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This makes sense once we truly appreciate the “governments at all levels are in charge” ganda the UN has embarked on called Vision 2030. Making the law a tool to subordinate the individual against their wishes if they are paying attention is another aspect as is the push away from cash that obscures trackability. covers the same agenda via its educational components and includes links to a number of UN and other reports touting how Data can drive a restructuring of people along with our political, social, and economic structures.

Targeting cash is just a means of trying to ensure there is No Way Out. The way out is to recognize this full agenda.

    mrtomsr in reply to Robin. | October 1, 2015 at 10:39 am

    Civil forfeiture of cash seems to be an increasing trend. After all, it is very difficult to prove your cash isn’t guilty of a crime.


    Sammy Finkelman in reply to oldyannkee46. | October 1, 2015 at 10:32 am

    Gold and silver is not money.

    Gold and silver are things bought and sold with money.

    Dollars and Euros are money.

    And when it comes to an exchange of Dollars and Euros, the Dollars are the money and the Euros are the goods.

      Sammy Finkelman in reply to Sammy Finkelman. | October 1, 2015 at 10:39 am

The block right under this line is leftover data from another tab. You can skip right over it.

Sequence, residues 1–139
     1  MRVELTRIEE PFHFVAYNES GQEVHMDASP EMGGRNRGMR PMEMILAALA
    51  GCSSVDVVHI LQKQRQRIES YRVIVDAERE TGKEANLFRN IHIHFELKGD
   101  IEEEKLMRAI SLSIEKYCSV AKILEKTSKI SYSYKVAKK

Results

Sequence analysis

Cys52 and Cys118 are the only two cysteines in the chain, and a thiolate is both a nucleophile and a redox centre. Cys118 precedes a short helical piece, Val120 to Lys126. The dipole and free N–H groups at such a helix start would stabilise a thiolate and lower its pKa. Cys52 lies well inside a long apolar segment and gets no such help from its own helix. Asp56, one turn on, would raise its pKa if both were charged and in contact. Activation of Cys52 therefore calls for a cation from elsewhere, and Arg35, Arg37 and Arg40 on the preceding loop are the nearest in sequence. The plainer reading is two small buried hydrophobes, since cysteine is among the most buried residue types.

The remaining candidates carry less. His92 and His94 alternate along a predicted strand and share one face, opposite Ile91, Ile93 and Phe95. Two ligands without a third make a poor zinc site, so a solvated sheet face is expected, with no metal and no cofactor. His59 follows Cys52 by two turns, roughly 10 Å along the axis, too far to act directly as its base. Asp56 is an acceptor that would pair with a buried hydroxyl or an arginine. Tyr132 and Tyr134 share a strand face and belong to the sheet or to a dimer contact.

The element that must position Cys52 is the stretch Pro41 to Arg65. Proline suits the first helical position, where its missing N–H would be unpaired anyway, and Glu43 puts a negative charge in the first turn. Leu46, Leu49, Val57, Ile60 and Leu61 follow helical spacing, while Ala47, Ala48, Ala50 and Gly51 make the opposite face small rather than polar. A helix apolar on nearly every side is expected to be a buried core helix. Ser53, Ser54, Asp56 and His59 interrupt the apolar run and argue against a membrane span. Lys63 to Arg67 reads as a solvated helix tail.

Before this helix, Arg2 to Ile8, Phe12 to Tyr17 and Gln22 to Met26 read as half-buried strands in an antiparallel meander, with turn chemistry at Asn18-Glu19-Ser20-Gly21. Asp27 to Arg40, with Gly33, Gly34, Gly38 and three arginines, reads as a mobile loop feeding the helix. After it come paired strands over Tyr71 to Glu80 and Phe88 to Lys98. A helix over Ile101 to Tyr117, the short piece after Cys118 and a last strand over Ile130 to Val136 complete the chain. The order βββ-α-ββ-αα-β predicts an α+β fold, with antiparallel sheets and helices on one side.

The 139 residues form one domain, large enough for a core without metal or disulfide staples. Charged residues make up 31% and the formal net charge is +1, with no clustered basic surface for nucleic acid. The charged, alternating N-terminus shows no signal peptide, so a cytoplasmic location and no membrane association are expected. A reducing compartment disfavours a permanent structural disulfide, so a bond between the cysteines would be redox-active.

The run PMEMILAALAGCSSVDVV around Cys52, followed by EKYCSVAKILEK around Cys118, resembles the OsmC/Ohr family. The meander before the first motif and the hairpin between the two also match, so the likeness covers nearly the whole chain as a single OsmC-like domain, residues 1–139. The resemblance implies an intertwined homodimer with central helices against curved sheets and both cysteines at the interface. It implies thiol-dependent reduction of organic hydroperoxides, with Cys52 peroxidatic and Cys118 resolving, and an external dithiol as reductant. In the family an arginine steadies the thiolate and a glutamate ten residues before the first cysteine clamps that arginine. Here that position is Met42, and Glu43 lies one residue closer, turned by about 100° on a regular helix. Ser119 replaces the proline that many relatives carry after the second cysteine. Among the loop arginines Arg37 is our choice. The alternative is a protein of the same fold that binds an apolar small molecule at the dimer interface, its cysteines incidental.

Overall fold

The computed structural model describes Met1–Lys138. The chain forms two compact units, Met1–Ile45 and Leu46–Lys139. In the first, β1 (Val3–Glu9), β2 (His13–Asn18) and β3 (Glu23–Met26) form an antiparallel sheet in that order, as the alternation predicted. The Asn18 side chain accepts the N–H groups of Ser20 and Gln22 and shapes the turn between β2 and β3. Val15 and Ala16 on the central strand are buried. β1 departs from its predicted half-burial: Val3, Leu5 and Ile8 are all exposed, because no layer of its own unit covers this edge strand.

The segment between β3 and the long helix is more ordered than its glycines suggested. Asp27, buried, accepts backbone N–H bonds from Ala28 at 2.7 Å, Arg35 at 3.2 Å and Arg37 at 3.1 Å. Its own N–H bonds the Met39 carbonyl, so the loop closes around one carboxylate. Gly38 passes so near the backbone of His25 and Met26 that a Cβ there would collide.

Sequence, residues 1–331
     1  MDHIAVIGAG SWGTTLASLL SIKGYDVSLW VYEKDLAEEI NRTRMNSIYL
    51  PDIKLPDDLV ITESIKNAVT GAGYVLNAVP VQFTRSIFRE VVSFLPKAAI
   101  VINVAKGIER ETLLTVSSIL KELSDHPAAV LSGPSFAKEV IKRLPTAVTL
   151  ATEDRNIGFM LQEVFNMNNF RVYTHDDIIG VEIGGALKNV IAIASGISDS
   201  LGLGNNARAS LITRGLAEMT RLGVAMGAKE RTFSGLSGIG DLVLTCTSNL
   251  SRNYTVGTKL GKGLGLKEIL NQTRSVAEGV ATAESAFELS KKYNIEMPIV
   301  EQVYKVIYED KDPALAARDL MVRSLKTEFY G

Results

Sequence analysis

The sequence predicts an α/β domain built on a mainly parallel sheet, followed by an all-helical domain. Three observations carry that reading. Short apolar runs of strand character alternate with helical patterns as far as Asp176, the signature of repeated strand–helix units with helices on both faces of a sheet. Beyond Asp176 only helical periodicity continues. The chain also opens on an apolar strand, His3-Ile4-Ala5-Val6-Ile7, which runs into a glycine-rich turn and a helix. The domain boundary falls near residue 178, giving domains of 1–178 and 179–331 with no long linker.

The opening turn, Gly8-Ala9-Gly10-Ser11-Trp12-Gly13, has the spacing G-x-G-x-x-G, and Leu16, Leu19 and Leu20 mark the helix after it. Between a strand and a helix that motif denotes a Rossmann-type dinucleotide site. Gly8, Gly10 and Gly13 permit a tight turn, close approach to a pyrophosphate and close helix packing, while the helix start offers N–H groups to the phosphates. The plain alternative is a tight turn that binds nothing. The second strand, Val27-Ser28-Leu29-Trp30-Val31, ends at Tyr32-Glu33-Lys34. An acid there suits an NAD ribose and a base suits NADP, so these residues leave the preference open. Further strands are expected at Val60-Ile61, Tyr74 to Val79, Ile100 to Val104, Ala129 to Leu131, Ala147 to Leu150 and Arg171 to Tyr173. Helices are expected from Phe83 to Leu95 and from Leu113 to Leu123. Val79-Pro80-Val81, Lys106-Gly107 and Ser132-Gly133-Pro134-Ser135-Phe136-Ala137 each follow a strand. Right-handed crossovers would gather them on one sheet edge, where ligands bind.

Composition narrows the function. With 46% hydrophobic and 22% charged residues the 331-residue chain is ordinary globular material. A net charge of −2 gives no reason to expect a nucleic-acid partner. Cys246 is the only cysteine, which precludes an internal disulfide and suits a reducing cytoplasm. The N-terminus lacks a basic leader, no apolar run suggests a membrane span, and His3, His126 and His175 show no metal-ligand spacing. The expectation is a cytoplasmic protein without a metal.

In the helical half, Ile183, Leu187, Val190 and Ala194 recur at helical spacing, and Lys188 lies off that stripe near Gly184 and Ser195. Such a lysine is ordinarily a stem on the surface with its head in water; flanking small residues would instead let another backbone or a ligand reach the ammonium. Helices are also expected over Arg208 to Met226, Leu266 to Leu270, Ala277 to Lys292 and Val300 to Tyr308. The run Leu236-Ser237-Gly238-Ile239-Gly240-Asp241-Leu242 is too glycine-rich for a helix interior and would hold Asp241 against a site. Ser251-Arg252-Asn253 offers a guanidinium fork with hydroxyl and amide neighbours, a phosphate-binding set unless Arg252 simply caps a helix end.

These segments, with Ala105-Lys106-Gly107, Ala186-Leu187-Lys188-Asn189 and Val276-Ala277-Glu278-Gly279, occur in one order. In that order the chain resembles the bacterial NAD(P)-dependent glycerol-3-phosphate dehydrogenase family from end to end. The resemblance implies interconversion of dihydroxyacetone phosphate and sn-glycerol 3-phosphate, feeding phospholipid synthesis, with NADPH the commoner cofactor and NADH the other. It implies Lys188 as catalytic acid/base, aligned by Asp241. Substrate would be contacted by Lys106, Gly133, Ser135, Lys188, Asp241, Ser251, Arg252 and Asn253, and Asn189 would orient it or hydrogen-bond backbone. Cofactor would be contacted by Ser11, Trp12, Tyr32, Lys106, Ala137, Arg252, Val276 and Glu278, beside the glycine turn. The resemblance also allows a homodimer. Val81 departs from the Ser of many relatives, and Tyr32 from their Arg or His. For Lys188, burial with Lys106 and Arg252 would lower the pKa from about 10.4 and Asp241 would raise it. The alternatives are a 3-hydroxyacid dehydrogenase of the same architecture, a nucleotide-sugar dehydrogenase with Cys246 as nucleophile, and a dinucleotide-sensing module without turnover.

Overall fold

And from the time of the early Roman Empire, gold and silver wasn’t money, either.

      Coins were money.

      And it was possible to debase the currency. This accelerated after the time of Septimus Severus or so, in the 200s.

      It is not possible to debase the coinage unless coins, and not gold or silver, are money.

      Before standard coinage, before 550 BCE or so, gold and silver, especially silver, was money, and money used to weighed and checked. There were maybe standard trusted weights but they had to be checked.

Sammy Finkelman | October 1, 2015 at 10:30 am

If you get rid of high denomination notes – anything above a $10 bill maybe – you could tax many kinds of transactions and abolish the income tax, espoecially if you also taxesd large cash sales (over $1,000?)

I don’t think people can be forced to use things that record transactions by name. There can be substitutes for cash, including store rebates, tokens, etc. If they were useful, and not outlawed, people would find things, even if the government did not print money.

I think another factor in Sweden could be that people need a lot of money in banks for convenience and because there is more fear of the money being lost or stolen if held in cash than of losing anything as a result of keeping it in the bank.

In Africa people typically pay banks to hold money, and the original banking actually started that way. And today in the United States numerous people have checking accounts for which they pay a fee, or use more expensive money orders and check cashing places. And businesses probably want a third-party record that money was paid or not paid.

The negative interest rates or fee would probably have to be pretty high to motivate people to use cash instead.

Bitcoin or other crypto-currencies?